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Life on earth began in water. Water is the largest molecular constituent of the body. It makes up for about 60% of the total body weight in males and 55% in females.
It provides a medium for metabolic functions in the body. Enzymatic reactions occur in aqueous media. It maintains the form of cells, tissues and organs, helps in digestion, evacuation of body wastes, maintenance of body temperature, lubrication in joints, prevention of infections and many more such functions.
Water Distribution in the body
Of the total body water, 2/3 is in the cells and 1/3 is extracellular. Of the extracellular water, 2/3 is outside the vascular system and 1/3 is in blood.
Regulation of water balance
The osmolality( a measure of solute concentration in water) is held in a very narrow limit in the human body. This typically is 280 to 295 mosm/kg. If the osmolality increases in the body fluids, a hormone called ADH is produced at the base of the brain. This hormone increases thirst and decreases water excretion in the urine thus restoring osmolality.
If excess water is taken, in healthy humans, it is promptly excreted in urine. Even an intake of 8-10 liters in healthy persons may be tolerated.
Water quantities for balance in the body
Body losses of water
Water is required for cooling down of the body by formation and evaporation of sweat. About 1 ml of sweat is required for losing .58 ml kcal of body heat. Thus about 400-500 ml of water is used in this way depending on environmental temperature, wind velocity, dryness of air etc. 100 -200 ml may be lost in the formation of stools. Small amounts are also lost in vapour form during breathing.
Kidneys excrete about 800 mosm of daily solutes in salt and electrolytes, urea etc. Since maximum urine concentration in healthy adults is about 1200 mosm, 2/3 litre of water is lost in this way daily.
Gains of water from outside
Apart from water ingested directly in fluids and beverages, water is also contained in food. Some fruits may have almost 100% water while most will have 50 to 60% water content. Thus 500 ml to 600 ml of water is ingested in foods. Water in similar quantity is produced by metabolism of proteins and carbohydrates in the body.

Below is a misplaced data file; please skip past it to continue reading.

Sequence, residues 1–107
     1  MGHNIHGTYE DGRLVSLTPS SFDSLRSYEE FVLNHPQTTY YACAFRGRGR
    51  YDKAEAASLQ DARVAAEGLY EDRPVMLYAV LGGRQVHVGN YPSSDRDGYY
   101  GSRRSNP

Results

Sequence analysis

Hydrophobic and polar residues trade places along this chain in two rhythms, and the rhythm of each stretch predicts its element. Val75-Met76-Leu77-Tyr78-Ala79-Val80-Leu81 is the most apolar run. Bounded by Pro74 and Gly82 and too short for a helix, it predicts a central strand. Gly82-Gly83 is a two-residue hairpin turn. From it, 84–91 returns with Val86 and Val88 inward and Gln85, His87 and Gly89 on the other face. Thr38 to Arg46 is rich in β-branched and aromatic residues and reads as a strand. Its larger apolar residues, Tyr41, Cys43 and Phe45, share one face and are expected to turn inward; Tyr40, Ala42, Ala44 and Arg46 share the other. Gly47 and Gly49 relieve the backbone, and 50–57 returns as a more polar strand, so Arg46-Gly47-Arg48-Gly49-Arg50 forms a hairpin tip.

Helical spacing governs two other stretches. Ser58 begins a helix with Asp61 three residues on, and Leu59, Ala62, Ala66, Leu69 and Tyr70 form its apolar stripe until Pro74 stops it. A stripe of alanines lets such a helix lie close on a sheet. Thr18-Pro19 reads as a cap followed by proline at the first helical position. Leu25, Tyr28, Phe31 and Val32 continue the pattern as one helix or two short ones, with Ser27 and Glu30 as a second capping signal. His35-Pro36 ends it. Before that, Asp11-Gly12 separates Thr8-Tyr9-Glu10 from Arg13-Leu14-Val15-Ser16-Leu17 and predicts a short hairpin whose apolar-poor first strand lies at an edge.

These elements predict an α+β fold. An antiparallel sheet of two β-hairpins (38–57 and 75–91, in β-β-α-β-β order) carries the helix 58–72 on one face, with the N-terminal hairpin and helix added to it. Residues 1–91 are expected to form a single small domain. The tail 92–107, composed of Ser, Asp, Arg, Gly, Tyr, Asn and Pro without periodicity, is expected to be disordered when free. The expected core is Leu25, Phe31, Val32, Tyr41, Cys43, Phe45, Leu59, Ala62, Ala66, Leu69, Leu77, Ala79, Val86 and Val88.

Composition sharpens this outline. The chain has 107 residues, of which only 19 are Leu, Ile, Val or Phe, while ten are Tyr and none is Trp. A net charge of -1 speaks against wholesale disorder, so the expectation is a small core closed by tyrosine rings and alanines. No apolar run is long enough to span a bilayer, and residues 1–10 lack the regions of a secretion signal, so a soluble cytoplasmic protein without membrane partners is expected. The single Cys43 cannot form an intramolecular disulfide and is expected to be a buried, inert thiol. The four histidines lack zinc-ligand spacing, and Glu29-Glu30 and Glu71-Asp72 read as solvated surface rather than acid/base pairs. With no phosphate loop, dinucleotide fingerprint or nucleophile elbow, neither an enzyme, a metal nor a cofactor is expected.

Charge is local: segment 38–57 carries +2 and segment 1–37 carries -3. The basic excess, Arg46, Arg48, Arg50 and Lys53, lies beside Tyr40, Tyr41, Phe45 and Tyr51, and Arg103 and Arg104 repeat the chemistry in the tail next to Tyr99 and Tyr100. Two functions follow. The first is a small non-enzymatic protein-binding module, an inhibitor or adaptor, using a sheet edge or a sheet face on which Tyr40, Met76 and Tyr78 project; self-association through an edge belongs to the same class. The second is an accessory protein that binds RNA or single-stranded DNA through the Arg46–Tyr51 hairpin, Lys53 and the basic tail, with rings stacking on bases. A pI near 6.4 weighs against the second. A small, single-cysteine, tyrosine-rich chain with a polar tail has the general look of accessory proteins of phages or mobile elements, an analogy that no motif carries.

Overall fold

Thus to maintain a balance a minimum of about 600-800 ml of water is required to be ingested in the liquid form. An intake of 1.5 to 3 l is sufficient for most cases for healthy living. In old people a litre more water results in better function of the kidney and bladder.
For patients suffering from type II /adult onset diabetes :In type II diabetes, diagnosis is often late (after the disease has already been present for some time). In early days T2DM (short for the adult type of diabetes) are often without symptoms. Hence the delay in diagnosis. This means complications will be seen early after diagnosis. Foot Care :
Foot disease in diabetes may lead to difficulty in walking, pain and may lead to infections. If neglected amputation may be required.
Inspect feet with a mirror before going to sleep every night.
Use well fitting shoewear.
Do not walk bare feet even in the house.
Socks should be clean and correct size.
In case of deformities of feet, special shoes can be worn. Eye Care :
It is nowadays the commonest cause of blindness throughout the world. Continue Reading ~ Second Medical Opinion / Advice
Nephrotic Syndrome Kidneys receive approximately 1 liter of blood every minute. Of this, about 100 ml gets filtered in the kidney. This contains, small molecules and few large molecules. This is due to the intricate cellular structure that prevents proteins from getting filtered into the urinary space. A derangement of this filter results in passage of heavy amounts of proteins in urine. This condition is called HeavyProteinuria or Nephrotic syndrome or Nephrosis. Definition:
In the urine, the protein excretion is > 3.5 gm/day or in children, it is >50mg/kg of body weight. In most cases, the serum albumin is <3gm/dl (normal>4), and passage of lipids in the urine. The lipids in the blood increase and swelling of face and feet also occur. Causes of Nephrotic Syndrome:
In children, most cases are due to Minimal Change Disease, FSGS, MPGN etc. In adults, most cases are due to primary illness while upto 30% may be due to secondary illness. Clinical Features:
Apart from Edema, ther…
Asthma or Bronchial Asthma is a common disease. About 75 % cases start in childhood before 10 years of age. A large no of patients stop having symptoms at the time of puberty and some may again have the disease in the later years. It is uncommon after 50 years of age. It can be troublesome, disabling and if not treated properly may be dangerous.
The disease results from heightened reactivity of the airways in response to irritants, allergens, fumes and at times exercise. It is typically intermittent and a person feels well when there is no ongoing attack of asthma. Symptoms:
Symptoms of asthma are shortness of breath, difficulty in breathing, cough and whistling sounds during breathing. These symptoms may also be seen in a no of heart, lung or infective conditions. Hence the diagnosis is usually made by experienced doctors after a few episodes have occurred!
The important markers of the disease are rapid reversibility of the signs and symptoms with appropriate treatment or spontaneousl…